ERIC Number: ED227419
Record Type: RIE
Publication Date: 1982-Aug-27
Reference Count: 0
What Is Self-Esteem and How Can It Be Measured?
A major assumption in personality theory is that the human mind tends to organize experience into conceptual systems. An individual's overall theory of reality includes both self-theory and world-theory. One of the basic postulates in an individual's self-theory is an overall assessment of self-esteem, which becomes the most important influence on his/her pleasure/pain balance. As a higher order postulate, self-esteem is resistant to change. Direct self-assessment of self-esteem, using self-report techniques, appears to be of considerable value in allowing the acquisition of considerable information relatively easily. A major disadvantage is that people cannot be expected to be in direct contact with their preconscious level of self-esteem and often become defensive. A major task, then, is the development of self-esteem scale items that are uninfluenced by defensiveness. Other approaches to measuring self-esteem that are free of the influence of defensiveness include behavioral measures and ratings by others. Self-esteem, when viewed as a basic construct in an individual's implicit conceptual system of self, is of such fundamental importance in understanding human behavior that it warrants a great deal of creative effort in establishing better ways to measure it. (JAC)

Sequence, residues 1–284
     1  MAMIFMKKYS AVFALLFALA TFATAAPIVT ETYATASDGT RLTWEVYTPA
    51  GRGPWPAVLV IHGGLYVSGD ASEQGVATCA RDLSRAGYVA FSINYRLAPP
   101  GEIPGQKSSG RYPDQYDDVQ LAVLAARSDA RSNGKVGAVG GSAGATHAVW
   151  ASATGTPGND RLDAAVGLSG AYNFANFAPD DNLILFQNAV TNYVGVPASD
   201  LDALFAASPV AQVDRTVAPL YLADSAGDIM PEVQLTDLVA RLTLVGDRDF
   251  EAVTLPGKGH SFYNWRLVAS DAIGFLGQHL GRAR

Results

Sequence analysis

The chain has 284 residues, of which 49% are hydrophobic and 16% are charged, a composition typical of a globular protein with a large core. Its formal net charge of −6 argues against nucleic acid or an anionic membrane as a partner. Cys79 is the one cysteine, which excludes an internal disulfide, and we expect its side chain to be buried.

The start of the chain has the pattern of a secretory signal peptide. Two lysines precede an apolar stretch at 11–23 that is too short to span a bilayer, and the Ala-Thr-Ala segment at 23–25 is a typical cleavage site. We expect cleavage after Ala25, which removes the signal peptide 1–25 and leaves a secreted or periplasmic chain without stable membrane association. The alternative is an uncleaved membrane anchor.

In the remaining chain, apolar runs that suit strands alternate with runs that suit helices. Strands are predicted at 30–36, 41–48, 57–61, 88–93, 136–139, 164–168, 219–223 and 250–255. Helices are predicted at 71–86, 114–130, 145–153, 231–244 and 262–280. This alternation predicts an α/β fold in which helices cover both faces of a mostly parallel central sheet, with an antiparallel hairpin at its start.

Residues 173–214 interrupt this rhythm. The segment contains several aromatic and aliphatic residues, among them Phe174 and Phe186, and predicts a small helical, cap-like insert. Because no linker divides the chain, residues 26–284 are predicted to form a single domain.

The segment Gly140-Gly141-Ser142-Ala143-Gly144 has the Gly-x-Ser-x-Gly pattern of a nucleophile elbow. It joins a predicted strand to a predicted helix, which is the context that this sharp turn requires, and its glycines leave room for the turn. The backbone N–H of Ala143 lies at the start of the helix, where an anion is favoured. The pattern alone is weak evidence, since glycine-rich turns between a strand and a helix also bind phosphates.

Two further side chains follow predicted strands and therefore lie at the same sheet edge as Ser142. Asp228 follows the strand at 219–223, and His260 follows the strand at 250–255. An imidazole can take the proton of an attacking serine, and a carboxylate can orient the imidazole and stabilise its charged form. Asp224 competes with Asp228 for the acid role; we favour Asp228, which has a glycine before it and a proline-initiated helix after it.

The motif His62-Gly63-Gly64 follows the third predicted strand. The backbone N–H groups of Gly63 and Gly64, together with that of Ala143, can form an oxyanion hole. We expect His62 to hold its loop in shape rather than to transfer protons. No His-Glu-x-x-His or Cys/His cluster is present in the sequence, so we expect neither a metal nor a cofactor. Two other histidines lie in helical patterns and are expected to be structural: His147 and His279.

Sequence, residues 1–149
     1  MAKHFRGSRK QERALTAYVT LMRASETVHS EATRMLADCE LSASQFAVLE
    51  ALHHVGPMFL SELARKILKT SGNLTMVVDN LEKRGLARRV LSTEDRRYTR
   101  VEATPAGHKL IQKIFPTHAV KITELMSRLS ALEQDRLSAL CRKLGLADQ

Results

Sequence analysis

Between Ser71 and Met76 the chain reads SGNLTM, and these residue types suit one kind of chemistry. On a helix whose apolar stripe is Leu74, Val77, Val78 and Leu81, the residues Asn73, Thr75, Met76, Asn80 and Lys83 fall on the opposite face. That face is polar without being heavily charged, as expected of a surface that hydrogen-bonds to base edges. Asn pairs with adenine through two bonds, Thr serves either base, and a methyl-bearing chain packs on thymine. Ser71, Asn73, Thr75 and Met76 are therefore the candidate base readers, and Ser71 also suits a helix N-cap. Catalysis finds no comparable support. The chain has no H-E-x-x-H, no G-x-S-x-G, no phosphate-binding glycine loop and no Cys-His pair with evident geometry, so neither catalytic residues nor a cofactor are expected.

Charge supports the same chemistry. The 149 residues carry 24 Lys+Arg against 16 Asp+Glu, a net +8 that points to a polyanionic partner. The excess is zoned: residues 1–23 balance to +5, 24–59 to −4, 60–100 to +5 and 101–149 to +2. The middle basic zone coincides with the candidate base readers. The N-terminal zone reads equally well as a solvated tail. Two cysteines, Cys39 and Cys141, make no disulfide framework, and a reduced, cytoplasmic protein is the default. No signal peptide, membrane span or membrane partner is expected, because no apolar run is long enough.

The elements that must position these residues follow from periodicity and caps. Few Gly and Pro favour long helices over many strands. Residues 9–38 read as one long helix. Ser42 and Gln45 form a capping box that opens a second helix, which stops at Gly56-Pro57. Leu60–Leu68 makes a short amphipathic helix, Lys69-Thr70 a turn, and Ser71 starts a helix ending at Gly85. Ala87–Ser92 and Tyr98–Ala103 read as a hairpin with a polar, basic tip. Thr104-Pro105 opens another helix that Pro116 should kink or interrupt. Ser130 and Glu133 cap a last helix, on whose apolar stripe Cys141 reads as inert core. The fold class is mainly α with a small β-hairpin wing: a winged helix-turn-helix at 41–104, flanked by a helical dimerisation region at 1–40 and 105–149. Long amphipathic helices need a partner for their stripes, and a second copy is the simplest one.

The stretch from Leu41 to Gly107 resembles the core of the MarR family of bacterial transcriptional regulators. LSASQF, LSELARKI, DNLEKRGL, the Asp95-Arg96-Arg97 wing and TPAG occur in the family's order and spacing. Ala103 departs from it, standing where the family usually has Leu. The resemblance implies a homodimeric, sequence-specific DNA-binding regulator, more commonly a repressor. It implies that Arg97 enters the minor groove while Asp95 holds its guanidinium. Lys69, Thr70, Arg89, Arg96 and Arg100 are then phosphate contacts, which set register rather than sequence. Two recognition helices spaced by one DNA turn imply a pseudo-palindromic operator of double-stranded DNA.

Publication Type: Information Analyses; Speeches/Meeting Papers
Education Level: N/A
Authoring Institution: N/A
Note: Paper presented at the Annual Convention of the American Psychological Association (90th, Washington, DC, August 23-27, 1982).